Imagine a giant solar harvester flying in geosynchronous orbit, which using solar energy, beams radiation to a single point 36, 000 km away. It would look like a space weapon straight out of Star Wars. Surprisingly, this concept might be the next so-called “moonshot” project that humanity needs to move forward. In space-based solar power generation, a solar harvester in space like the one discussed above would generate DC current from solar radiation using photovoltaic cells, and then convert it into microwaves. These microwaves would then be beamed to a rectifying antenna (or a rectenna) on the ground, which would convert them back into direct current (DC). Finally, a converter would change the DC energy to AC to be supplied into the grid.1

With ever-increasing global energy consumption and rising concerns of climate change due to the burning of fossil fuels, there has been increasing interest in alternative energy sources. Although renewable energy technology is improving every year, its current energy capacity is not enough to obviate the need for fossil fuels. Currently, wind and solar sources have capacity factors (a ratio of an energy source’s actual output over a period of time to its potential output) of around 34 and 26 percent, respectively. In comparison, nuclear and coal sources have capacity factors of 90 and 70 percent, respectively.2 Generation of energy using space solar power satellites (SSPSs) could pave the path humanity needs to move towards a cleaner future. Unlike traditional solar power, which relies on favorable weather conditions, SSPSs would allow continuous, green energy generation.

Although space-based solar power (SBSP) might sound pioneering, scientists have been flirting with the idea since Dr. Peter Glaser introduced the concept in 1968. Essentially, SBSP systems can be characterized by three elements: a large solar collector in geostationary orbit fitted with reflective mirrors, wireless transmission via microwave or laser, and a receiving station on Earth armed with rectennas.3 Such an implementation would require complete proficiency in reliable space transportation, efficient power generation and capture, practical wireless transmission of power, economical satellite design, and precise satellite-antenna calibration systems. Collectively, these goals might seem insurmountable, but taken separately, they are actually feasible. Using the principles of optics, scientists are optimizing space station design to maximize energy collection.4 There have been advancements in rectennas that allow the capture of even weak, ambient microwaves.5 With the pace of advancement speeding up every year, it’s easy to feel like the future of renewable energy is rapidly approaching. However, these advancements will be limited to literature if there are no global movements to utilize SBSP.

Japan Aerospace Exploration Agency (JAXA) has taken the lead in translating SBSP from the page to the launch pad. Due to its lack of fossil fuel resources and the 2011 incident at the Fukushima Daiichi nuclear plant, Japan, in desperate need of alternative energy sources, has proposed a 25-year technological roadmap to the development of a one-gigawatt SSPS station. To accomplish this incredible feat, Japan plans on deploying a 10,000 metric ton solar collector that would reside in geostationary orbit around Earth.6 Surprisingly, the difficult aspect is not building and launching the giant solar collector; it’s the technical challenge of transmitting the energy back to earth both accurately and efficiently. This is where JAXA has focused its research.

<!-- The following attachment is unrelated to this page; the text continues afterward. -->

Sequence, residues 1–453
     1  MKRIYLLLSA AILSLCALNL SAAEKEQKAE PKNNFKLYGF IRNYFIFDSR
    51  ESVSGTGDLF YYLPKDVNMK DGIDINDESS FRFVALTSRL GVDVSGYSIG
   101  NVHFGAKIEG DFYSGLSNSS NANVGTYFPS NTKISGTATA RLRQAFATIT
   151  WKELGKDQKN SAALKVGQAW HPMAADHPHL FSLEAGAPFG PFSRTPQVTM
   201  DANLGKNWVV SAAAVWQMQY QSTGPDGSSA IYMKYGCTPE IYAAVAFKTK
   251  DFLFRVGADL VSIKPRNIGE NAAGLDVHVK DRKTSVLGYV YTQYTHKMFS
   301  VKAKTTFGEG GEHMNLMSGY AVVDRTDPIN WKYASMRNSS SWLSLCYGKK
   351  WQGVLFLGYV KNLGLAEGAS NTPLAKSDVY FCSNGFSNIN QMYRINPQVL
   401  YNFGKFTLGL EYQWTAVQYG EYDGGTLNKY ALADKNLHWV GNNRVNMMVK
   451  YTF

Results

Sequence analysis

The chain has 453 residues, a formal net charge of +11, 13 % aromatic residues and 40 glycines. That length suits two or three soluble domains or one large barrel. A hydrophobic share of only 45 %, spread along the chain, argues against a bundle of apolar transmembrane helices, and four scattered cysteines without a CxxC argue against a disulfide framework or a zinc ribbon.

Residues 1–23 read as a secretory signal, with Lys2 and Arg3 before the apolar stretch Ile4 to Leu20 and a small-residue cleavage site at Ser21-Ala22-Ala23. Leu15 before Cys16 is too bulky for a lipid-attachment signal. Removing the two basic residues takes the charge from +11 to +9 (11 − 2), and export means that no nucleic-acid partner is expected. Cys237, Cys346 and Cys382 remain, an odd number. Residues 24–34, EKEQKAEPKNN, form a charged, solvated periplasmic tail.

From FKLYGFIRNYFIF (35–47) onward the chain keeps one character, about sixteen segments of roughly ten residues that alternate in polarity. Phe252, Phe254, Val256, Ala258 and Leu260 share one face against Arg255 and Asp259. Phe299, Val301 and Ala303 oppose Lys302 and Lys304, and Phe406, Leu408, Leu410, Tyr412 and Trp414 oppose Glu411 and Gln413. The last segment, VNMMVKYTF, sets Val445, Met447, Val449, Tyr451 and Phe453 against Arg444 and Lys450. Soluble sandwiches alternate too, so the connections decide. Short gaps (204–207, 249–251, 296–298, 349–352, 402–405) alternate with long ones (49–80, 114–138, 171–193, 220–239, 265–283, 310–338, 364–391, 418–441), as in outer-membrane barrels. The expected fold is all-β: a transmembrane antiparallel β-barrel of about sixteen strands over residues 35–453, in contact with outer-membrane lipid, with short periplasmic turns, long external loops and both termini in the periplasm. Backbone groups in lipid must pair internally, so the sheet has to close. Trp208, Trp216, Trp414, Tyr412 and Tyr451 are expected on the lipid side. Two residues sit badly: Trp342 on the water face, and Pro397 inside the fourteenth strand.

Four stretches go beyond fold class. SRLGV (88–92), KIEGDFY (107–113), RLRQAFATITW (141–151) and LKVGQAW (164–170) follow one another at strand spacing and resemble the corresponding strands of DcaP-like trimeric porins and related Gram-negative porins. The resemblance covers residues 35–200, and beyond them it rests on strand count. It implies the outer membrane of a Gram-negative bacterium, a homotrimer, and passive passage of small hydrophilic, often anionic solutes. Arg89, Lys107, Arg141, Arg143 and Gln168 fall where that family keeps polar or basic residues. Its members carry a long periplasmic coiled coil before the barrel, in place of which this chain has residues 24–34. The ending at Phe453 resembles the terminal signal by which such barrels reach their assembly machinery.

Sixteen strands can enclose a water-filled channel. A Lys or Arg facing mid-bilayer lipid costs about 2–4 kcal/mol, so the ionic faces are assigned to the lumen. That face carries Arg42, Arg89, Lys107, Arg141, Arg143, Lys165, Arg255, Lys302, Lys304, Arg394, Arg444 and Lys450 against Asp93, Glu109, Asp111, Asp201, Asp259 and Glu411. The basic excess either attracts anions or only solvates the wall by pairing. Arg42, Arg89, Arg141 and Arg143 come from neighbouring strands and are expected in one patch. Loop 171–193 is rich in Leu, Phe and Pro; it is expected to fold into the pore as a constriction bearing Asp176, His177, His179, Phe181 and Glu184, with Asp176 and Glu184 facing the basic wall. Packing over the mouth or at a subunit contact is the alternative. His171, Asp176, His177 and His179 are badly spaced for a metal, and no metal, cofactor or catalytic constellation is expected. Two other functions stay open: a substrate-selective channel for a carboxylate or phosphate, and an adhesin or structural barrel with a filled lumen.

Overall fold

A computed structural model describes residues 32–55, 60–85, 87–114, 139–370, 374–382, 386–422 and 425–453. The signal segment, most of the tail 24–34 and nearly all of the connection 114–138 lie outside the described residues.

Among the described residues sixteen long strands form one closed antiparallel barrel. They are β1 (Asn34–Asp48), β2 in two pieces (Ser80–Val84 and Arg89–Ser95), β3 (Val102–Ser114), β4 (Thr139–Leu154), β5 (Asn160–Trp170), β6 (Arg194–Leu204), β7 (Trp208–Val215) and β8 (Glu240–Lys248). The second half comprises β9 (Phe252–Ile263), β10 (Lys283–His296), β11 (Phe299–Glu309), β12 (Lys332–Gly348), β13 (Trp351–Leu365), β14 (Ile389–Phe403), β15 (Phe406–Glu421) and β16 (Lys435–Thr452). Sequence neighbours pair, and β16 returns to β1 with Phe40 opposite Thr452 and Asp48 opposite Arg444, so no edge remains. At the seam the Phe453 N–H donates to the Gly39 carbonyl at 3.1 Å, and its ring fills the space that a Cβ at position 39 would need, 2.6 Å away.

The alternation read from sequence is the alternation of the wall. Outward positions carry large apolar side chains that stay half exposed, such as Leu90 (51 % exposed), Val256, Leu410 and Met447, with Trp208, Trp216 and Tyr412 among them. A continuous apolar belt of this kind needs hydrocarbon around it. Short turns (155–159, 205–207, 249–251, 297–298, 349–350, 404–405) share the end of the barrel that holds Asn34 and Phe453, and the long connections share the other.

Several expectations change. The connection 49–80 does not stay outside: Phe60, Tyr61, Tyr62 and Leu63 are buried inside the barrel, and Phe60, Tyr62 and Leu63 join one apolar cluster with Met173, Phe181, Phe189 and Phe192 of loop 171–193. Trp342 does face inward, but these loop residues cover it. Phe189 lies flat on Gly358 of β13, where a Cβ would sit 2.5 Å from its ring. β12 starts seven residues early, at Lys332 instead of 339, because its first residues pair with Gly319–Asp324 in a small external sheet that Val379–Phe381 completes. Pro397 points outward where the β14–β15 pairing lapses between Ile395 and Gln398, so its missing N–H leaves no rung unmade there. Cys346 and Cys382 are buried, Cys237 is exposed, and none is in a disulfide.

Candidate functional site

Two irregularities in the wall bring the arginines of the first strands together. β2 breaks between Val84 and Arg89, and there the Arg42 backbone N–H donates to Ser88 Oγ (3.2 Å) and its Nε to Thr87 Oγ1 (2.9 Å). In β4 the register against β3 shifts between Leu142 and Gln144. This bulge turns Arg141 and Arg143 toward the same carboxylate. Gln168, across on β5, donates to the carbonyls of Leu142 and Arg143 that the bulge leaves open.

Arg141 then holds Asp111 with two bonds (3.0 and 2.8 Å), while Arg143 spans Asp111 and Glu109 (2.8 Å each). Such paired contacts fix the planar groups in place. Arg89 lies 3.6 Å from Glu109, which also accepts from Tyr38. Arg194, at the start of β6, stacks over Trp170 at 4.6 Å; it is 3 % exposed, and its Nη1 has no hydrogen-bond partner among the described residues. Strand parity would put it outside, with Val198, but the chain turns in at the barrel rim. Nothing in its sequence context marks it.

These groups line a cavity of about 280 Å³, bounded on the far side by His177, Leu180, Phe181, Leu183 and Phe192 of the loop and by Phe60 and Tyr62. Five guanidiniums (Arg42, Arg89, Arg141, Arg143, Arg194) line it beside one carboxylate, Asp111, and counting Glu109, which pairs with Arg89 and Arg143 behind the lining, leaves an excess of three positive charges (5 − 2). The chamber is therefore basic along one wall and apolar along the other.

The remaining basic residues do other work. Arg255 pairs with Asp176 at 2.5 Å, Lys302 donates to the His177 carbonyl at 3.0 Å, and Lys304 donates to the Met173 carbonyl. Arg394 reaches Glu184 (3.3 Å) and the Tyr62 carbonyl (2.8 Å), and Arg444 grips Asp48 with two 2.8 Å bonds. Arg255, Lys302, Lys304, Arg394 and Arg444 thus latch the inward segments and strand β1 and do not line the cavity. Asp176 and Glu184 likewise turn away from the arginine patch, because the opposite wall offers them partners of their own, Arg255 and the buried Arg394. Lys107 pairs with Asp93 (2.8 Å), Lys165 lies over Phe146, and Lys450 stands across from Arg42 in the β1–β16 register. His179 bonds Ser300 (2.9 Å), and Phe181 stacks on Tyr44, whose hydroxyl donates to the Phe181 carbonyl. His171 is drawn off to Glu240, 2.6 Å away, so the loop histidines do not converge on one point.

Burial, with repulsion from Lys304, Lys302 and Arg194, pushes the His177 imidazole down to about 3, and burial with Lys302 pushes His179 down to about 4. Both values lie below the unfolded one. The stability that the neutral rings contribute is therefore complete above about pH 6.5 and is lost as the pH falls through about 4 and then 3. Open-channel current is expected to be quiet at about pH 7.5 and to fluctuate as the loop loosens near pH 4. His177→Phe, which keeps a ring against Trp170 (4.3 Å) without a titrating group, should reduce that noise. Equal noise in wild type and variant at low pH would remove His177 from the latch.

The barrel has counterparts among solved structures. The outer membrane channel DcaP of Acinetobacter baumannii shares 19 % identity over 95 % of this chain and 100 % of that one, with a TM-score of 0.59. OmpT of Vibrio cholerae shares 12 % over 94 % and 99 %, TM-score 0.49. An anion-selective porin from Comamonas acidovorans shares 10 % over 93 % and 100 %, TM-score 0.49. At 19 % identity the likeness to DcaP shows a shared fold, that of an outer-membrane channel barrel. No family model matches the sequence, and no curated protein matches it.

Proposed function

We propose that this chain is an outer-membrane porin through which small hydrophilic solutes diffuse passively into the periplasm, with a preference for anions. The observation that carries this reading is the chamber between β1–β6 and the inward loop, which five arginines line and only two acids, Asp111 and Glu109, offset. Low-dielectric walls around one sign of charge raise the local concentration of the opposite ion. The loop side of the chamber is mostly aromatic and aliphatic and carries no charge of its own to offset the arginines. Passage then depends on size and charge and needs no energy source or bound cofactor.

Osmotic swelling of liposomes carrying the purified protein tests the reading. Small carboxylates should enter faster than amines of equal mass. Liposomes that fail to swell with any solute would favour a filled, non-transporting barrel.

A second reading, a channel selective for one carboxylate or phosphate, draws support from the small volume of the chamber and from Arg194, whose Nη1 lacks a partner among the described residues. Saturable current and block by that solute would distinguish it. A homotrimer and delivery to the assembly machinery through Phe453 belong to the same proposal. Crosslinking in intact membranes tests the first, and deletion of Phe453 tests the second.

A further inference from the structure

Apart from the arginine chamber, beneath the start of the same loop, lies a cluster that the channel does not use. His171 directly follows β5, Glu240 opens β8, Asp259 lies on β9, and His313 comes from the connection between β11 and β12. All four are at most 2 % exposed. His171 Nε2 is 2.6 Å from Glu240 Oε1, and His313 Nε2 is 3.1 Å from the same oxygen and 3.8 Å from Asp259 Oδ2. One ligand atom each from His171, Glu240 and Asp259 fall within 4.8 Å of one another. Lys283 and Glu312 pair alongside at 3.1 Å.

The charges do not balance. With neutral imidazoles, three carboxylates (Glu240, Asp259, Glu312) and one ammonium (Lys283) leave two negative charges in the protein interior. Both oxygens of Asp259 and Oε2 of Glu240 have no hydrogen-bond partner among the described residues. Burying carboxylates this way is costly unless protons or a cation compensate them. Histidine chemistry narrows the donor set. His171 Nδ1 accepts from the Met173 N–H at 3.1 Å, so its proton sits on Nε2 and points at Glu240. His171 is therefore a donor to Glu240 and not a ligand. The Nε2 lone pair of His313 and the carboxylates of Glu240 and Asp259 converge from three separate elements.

Historically, wireless power transmission has been accomplished via laser or microwave transmissions. Laser and microwave radiation are similar in many ways, but when it comes down to which one to use for SBSP, microwaves are a clear winner. Microwaves have longer wavelengths (usually lying between five and ten centimeters) than those of lasers (which often are around one micrometer), and are thus better able to penetrate Earth’s atmosphere.7 Accordingly, JAXA has focused on optimizing powerful and accurate microwave generation. JAXA has developed kW-class high-power microwave power transmission using phased, synchronized, power-transmitting antenna panels. Due to current limitations on communication technologies, JAXA has also developed advanced retrodirective systems, which allow high-accuracy beam pointing.8 In 2015, JAXA was able to deliver 1.8 kilowatts accurately to a rectenna 55 meters away which, according to JAXA, is the first time that so much power has been transmitted with any appreciable precision . Although this may seem insignificant compared to the 36,000 km transmissions required for a satellite in geosynchronous orbit, this is huge achievement for mankind. It demonstrates that large scale wireless transmission is a realistic option to power electric cars, transmission towers, and even satellites. JAXA,continuing on its roadmap, plans to conduct the first microwave power transmission in space by 2018.

Although the challenges ahead for space based solar power generation are enormous in both economic and technical terms, the results could be revolutionary. In a manner similar to the introduction of coal and oil, practical SBSP systems would completely alter human civilization. With continuous green energy generation, SBSP systems could solve our energy conflicts and allow progression to next phase of civilization. If everything goes well, air pollution and oil spills may merely be bygones.


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  4. Yang, Y. et al. Acta Astro. 2016, 121, 51-58.
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  6. Sasaki, S. Japan Demoes Wireless Power Transmission for Space-Based Solar Farms. IEEE Spectrum [Online], March 16, 2015. (accessed Oct. 29, 2016).
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